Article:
JOHNSTON, Iowa — Iowa PBS, which runs the broadcast of the governor's daily news conferences on coronavirus, launched a new way to connect with Latinos and Hispanics in Iowa through a live audio interpretation of the briefings in Spanish.
Vanessa Marcano-Kelly and Ernest Niño-Murcia are the makers behind the magic of getting the message and tone right.
"Getting information to people in their language is, I think, crucial and is a matter of public safety," Marcano-Kelly said.
The effort was aided in part by the Iowa Department on Human Rights and its Office of Latino Affairs, which helped connect Marcano-Kelly and Niño-Murcia to Iowa PBS. The statewide public television network has provided broadcast coverage on their local channels and to other newsrooms since Gov. Kim Reynolds has held daily news conferences with updates on coronavirus.
“We are proud to offer this vital service to Iowa’s Spanish-speaking communities to help keep everyone up-to-date on fast changing health and safety information,” said Iowa PBS Executive Director and General Manager Molly Phillips in a statement.
There are close to 195,000 Latinos in Iowa, or 6.2% of the population, and the ethnic group is the fastest growing community in the state, according to the Office of Latino Affairs.
Minority populations in Iowa are disproportionately affected by COVID-19. State demographical data shows that Iowans identifying as Latino or Hispanic make up 20.8% of the state's more than 3,700 known COVID-19 infections—more than triple their representation in Iowa.
The pair are both certified court interpreters who also do freelance work for private companies. They did a lot of work interpreting at campaign events when candidates paraded through Iowa in the lead up to the Iowa caucuses in February.
In an interview, they stressed the importance of being "in sync" with a good interpreting partner. They have worked together since 2016.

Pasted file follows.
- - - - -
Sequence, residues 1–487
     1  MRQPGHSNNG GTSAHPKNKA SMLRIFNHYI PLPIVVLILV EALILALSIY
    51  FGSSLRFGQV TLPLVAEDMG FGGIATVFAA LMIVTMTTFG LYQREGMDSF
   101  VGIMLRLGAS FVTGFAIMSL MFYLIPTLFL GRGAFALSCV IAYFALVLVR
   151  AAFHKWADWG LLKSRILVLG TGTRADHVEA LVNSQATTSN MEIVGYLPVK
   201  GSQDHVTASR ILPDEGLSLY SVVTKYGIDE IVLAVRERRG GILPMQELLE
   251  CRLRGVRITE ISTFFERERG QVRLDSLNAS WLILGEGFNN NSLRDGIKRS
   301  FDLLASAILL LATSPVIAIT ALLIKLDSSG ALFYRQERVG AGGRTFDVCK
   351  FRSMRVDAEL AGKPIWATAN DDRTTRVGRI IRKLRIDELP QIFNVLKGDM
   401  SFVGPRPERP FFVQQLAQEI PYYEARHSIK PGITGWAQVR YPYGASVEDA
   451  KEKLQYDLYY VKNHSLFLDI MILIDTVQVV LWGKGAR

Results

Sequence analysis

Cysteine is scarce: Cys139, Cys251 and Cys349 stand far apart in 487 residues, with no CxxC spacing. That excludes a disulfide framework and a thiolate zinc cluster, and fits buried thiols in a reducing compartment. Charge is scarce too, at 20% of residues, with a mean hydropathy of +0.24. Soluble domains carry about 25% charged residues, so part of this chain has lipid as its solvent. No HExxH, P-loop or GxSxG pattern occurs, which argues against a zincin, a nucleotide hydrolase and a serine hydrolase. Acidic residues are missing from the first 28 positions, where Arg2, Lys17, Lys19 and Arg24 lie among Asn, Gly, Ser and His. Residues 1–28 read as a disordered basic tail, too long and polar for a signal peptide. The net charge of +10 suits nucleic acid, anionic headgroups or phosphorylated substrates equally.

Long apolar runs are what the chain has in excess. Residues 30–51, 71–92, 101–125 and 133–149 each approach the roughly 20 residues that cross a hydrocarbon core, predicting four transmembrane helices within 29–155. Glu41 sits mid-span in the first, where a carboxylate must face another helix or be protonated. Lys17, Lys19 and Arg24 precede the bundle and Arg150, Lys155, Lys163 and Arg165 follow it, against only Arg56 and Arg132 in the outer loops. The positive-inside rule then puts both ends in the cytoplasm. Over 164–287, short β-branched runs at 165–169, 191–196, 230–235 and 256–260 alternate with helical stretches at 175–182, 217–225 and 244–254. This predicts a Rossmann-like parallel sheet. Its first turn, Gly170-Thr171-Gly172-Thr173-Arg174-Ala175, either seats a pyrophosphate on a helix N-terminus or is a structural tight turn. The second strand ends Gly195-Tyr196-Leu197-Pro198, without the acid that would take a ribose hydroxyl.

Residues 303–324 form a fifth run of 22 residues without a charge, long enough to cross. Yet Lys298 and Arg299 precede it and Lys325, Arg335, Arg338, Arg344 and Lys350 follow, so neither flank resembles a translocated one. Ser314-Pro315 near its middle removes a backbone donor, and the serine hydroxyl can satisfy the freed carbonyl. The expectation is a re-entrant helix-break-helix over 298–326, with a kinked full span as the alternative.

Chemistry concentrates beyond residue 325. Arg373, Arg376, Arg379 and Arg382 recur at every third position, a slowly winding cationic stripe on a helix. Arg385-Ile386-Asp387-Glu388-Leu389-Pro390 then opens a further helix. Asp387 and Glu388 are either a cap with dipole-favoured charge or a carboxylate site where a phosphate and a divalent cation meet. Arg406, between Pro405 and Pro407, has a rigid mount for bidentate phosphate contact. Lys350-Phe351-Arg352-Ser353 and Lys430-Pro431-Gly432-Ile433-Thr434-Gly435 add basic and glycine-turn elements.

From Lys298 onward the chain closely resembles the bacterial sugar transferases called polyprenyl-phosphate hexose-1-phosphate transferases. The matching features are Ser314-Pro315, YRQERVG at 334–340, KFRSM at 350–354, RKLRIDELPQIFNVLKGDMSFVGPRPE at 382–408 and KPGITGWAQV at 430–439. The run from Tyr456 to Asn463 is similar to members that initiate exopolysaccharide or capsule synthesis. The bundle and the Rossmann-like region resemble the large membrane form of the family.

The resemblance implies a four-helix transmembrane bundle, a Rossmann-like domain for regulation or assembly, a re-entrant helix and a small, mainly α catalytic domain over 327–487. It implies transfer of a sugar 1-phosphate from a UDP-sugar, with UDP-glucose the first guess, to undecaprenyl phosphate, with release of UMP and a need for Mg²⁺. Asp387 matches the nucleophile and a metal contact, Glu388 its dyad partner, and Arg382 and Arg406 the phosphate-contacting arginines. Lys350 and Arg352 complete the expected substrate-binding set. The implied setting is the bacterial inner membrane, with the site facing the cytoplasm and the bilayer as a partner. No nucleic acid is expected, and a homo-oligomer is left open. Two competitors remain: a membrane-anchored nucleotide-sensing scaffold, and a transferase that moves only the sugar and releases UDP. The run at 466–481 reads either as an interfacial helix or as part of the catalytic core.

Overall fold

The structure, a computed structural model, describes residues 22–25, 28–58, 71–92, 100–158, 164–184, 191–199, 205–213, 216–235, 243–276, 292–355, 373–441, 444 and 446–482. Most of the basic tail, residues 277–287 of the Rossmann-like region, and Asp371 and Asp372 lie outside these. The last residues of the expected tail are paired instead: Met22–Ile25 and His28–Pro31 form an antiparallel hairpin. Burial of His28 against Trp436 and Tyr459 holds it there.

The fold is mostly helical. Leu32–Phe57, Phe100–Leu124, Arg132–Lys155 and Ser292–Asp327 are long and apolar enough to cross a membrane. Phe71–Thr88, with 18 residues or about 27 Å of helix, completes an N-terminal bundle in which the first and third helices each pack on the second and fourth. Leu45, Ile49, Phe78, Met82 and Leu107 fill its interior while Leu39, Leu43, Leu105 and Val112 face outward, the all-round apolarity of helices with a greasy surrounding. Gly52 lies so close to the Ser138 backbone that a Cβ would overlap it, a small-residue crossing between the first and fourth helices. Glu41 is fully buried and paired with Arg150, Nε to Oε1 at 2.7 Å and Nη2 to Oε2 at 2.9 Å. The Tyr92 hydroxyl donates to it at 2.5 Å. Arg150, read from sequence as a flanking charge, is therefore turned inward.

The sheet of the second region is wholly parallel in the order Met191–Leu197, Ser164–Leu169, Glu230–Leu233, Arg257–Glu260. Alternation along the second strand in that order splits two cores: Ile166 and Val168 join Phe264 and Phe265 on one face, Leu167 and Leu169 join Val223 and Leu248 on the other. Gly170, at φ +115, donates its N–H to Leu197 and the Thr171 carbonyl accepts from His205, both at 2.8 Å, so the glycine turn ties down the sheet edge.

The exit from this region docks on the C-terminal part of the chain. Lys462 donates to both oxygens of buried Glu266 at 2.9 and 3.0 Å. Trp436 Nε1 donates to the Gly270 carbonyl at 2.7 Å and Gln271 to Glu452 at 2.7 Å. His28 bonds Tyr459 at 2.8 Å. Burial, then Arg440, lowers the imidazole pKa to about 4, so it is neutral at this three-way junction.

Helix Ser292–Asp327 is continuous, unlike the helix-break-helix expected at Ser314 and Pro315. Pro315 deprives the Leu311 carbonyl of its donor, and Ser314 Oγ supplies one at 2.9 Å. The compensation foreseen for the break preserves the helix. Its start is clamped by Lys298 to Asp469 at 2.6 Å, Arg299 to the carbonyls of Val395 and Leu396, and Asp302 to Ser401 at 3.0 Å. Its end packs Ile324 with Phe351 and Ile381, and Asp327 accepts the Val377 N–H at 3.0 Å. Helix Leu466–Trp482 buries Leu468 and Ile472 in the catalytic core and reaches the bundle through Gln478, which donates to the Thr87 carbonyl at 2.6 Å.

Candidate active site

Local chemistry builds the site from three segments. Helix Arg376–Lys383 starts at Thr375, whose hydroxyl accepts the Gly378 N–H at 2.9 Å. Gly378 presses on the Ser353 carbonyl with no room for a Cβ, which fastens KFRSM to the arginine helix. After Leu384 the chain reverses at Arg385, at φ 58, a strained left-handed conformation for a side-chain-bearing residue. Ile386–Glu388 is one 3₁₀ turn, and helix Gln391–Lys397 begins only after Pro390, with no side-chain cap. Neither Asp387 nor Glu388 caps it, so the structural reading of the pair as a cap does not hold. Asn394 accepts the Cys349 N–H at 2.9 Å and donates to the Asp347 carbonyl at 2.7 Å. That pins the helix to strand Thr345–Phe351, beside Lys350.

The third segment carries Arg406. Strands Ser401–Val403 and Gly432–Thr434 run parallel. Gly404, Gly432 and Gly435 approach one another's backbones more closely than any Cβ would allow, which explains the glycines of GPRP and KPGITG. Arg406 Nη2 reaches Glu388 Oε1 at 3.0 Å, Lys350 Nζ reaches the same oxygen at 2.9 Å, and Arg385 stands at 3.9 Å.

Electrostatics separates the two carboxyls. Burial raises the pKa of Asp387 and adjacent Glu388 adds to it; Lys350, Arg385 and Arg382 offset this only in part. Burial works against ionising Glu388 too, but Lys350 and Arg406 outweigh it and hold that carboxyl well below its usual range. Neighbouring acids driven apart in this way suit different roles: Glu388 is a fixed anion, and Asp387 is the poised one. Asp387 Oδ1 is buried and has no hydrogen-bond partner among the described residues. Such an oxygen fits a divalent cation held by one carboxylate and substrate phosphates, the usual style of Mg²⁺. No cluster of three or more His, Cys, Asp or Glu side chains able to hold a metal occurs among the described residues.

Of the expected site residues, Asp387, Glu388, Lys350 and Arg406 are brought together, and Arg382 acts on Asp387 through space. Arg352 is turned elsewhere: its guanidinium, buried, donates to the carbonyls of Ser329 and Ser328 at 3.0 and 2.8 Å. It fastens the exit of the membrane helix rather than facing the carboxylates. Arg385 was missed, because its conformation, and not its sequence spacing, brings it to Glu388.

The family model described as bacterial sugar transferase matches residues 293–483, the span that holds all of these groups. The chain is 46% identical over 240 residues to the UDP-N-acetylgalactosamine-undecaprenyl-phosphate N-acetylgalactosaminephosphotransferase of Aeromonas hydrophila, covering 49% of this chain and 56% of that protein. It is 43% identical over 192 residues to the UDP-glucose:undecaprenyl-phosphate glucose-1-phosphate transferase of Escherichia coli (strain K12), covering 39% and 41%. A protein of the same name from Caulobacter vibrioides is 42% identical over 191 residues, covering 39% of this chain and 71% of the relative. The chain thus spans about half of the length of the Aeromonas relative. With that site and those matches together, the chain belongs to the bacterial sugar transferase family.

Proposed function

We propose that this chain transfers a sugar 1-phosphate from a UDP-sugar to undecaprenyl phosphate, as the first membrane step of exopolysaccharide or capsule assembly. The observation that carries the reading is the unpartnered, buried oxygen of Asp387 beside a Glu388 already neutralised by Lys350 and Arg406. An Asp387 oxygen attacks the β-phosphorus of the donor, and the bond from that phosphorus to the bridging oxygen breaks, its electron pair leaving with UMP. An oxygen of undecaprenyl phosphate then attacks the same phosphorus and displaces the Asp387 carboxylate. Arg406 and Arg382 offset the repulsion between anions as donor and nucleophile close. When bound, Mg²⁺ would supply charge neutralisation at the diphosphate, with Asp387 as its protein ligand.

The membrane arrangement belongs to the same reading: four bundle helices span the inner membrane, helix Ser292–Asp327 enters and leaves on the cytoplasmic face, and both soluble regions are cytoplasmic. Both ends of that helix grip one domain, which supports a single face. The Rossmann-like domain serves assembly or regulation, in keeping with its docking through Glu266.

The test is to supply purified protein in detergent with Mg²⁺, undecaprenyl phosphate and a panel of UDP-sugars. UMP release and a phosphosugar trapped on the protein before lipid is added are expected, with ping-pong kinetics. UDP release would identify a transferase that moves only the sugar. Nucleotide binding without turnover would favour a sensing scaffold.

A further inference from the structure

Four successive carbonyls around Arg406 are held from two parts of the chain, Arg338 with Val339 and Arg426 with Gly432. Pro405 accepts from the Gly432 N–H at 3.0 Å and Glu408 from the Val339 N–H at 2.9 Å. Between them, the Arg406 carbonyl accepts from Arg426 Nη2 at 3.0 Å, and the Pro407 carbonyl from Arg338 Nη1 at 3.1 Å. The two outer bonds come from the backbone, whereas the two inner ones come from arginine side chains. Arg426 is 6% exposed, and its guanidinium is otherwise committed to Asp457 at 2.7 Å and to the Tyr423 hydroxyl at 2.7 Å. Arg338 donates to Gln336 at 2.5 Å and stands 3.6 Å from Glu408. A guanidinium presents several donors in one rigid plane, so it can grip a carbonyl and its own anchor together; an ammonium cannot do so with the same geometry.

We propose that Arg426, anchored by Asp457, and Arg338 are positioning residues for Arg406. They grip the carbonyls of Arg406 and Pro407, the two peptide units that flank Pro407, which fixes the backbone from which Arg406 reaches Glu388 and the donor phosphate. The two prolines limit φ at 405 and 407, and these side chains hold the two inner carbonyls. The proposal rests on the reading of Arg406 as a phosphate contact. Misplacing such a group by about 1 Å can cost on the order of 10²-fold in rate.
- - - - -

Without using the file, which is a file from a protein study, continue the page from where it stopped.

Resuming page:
“You should usually be working in a team to give each other a break," Marcano-Kelly said. "It’s really good when you have someone you have worked with already for a long time and they kind of know your mannerisms, what you need.”
Language interpretation isn’t for the faint of heart—it’s requires depth of understanding and unique cognitive abilities.
And it’s mentally taxing, they said. Niño-Murcia highlighted all of the preparation before they actually begin their work: they go over infectious disease terminology and read Latin American newspapers "to try to pull some vocabulary" so that they are ready for what they expect to hear.
Still, some words get lost in translation.
But the two have to be quick on their feet when words like "federal block grant" or "hot spot" come through their headsets. They keep a glossary in a Google document on a nearby computer screen.
In fact, there isn't an exact translation for the word "Iowan."
“That’s one where we have to coordinate and figure out how are we going to address that and we came up with just saying ‘the residents of Iowa’—honestly it should be put to a popular vote among Spanish speakers," Niño-Murcia quipped.
It’s these sorts of kinks, they say, that are more easily smoothed over by a team effort.
So two heads are better than one, especially when the two increasing access to critical information.
“You don’t think about being an interpreter and translator as a being a 'public service,'" Marcano-Kelly said. "But I think it truly is and it’s a big responsibility as well."
The Department of Human Rights also offers translations of important information in a variety of languages online. There is also a multi-lingual hotline available at 1-877-558-2609 that connects Iowans to an interpreter in Spanish, Arabic, Swahili, Mandarian Chinese, French, Burmese, Somali and several others languages.
Iowans can watch the Spanish interpretation program live on their TV through second audio program services. Viewers can also stream the Spanish versions of the programs and press conferences later with dubbed audio on-demand on the Iowa PBS website.